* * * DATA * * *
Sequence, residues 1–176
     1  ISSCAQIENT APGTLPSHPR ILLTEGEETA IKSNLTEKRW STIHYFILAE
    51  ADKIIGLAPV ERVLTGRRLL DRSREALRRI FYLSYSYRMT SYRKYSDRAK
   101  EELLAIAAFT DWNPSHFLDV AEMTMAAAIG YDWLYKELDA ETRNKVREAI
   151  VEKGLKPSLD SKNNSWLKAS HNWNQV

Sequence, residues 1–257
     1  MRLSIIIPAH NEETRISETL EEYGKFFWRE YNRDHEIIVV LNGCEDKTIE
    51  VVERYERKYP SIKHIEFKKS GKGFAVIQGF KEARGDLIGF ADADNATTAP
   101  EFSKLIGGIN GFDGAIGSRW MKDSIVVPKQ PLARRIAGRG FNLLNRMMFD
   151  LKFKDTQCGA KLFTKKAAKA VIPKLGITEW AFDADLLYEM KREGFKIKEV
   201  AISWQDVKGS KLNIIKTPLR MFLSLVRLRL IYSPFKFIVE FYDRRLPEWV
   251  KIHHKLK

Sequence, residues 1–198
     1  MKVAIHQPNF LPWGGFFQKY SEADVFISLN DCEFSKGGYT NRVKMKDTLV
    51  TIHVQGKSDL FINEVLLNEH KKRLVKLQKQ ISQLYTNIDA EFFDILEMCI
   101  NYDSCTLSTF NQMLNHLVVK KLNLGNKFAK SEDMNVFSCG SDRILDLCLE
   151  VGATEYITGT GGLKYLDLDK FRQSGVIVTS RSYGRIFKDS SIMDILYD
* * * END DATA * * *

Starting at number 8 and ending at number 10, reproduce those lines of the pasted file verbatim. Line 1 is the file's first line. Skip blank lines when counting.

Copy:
    51  VVERYERKYP SIKHIEFKKS GKGFAVIQGF KEARGDLIGF ADADNATTAP
   101  EFSKLIGGIN GFDGAIGSRW MKDSIVVPKQ PLARRIAGRG FNLLNRMMFD
   151  LKFKDTQCGA KLFTKKAAKA VIPKLGITEW AFDADLLYEM KREGFKIKEV